DUBAI // The former owner of a fumigation company that caused the deaths of two baby boys in Ajman has begged their family for forgiveness from his hospital bed where he is critically ill from cancer.
The five-month-old brothers, Suhail and Ali Bakari, died after Abdul Rahman Yousuf Ali's company fumigated a neighbour's apartment in March 2010. Their triplet sister, Hala, survived after several days in hospital.
Mr Ali, 53, and two of his employees were all sentenced to four years in prison after being found guilty of causing the deaths. They were released in October after paying Dh400,000 blood money - Dh200,000 for each of the boys.
A few weeks after his he left prison, Mr Ali was diagnosed with tongue cancer.
Speaking from his hospital bed in Cochin, Kerala, with the assistance of his daughter, Mr Ali said he had tried hard when he was in jail to contact the father of the children so that he could apologise.
"I asked my relatives to approach the children's father and say sorry, but we could not trace him. I want to say to him I am really sorry for the deaths," he said.
"I came to know about the deaths only after I was arrested and taken to jail.
“I was thinking that the children might have developed a skin allergy when police took me into custody for questioning. I was totally shattered when I heard that they had died.”
He said he still cannot understand how the tragedy occurred. “Whether it was the workers’ fault or due to centralised AC system in the building, I don’t know,” he said. “I trained my workers well and told them about the safety measures to be followed.”
He said the chemicals he used in the apartment were approved by the Government and were not illegal.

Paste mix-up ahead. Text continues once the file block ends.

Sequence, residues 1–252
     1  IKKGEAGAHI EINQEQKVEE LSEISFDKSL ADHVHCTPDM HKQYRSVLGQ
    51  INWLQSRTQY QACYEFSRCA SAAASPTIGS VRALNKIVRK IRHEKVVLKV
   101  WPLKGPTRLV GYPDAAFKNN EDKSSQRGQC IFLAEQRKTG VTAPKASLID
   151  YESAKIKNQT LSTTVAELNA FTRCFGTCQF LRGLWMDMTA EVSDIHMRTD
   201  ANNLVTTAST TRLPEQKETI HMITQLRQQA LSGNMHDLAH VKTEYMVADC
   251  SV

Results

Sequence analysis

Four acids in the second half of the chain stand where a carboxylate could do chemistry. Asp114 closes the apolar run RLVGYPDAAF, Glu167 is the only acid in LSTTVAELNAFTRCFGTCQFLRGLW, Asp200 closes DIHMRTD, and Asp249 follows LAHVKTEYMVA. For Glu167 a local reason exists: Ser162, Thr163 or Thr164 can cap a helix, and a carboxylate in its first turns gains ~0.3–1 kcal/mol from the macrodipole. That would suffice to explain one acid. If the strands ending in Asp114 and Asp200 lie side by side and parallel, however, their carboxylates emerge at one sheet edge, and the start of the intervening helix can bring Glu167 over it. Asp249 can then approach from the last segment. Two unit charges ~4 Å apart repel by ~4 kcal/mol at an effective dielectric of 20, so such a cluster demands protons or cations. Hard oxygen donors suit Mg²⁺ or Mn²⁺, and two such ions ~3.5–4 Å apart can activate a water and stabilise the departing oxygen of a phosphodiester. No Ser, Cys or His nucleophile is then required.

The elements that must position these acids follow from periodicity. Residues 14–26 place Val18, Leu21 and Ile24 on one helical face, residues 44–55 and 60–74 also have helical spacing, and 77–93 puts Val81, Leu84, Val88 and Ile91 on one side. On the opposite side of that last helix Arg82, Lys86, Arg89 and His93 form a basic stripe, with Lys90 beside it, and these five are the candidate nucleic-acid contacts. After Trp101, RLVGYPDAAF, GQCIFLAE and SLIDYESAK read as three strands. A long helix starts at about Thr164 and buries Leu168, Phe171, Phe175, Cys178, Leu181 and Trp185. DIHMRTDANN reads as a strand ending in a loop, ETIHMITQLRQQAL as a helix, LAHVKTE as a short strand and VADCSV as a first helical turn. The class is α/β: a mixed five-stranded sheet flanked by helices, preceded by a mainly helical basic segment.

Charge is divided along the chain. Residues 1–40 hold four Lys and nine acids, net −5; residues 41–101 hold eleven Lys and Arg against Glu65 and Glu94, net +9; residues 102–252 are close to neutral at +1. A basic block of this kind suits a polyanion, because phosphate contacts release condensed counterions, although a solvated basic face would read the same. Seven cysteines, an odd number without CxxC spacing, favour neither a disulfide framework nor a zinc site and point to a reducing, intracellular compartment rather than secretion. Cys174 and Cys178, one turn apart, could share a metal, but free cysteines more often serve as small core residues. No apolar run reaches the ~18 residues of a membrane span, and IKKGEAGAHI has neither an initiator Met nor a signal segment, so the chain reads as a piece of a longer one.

“I’ve been using the same chemicals to spray in the flats to kill bed bugs for the past seven years,” he said. “They were allowed by the Government and I never faced any problems. It is the first time that this kind of incident has happened.”
Following an appeal, the prison sentences were reduced to six months, but Mr Ali remained in prison because he could not afford to pay the blood money.
All three men were eventually released in October after the Indian Community Welfare Committee helped raise the blood money. The committee paid half the amount while friends and relatives of Mr Ali raised the other half.
Mr Ali was diagnosed with tongue cancer soon after and his daughter, Mehanah Yousuf Ali, said he was in a critical condition.
“He is in an advanced stage of cancer and cannot eat properly,” she said. “Doctors say his condition is deteriorating. We are devastated. The entire family is suffering. When my father had the pesticide company, we were somehow able to overcome the financial difficulties. Now we are completely broke.”
Mr Ali’s brother, Rahman Kabeer, said everyone in the family is praying for a quick recovery.
“The infection is spreading fast and his health is going down, but we are praying that he becomes better soon,” he said.
El Hassan Bakari, the father of the two dead babies, said he does not hate the men who caused the death of his children.
“I wish him [Mr Ali] a speedy recovery,” Mr Bakari said. “I don’t like other people to suffer – not even my enemy. I do not wish death for anyone. I hope he gets back to health fast and leads a normal life.”
As a Muslim, Mr Bakari said, he believes in God and destiny. “It’s not my family alone that suffered because of the incident. Even their family lost a lot. My prayers are with their family.”
He said Government and policymakers should review the registration of pesticide companies operating in the UAE and ensure they do not break the rules.
“The Government should see to it that no toxic materials are imported into the country that would endanger the health of people,” he said.
Mr Bakari said his daughter is doing fine, and celebrated her second birthday on October 19.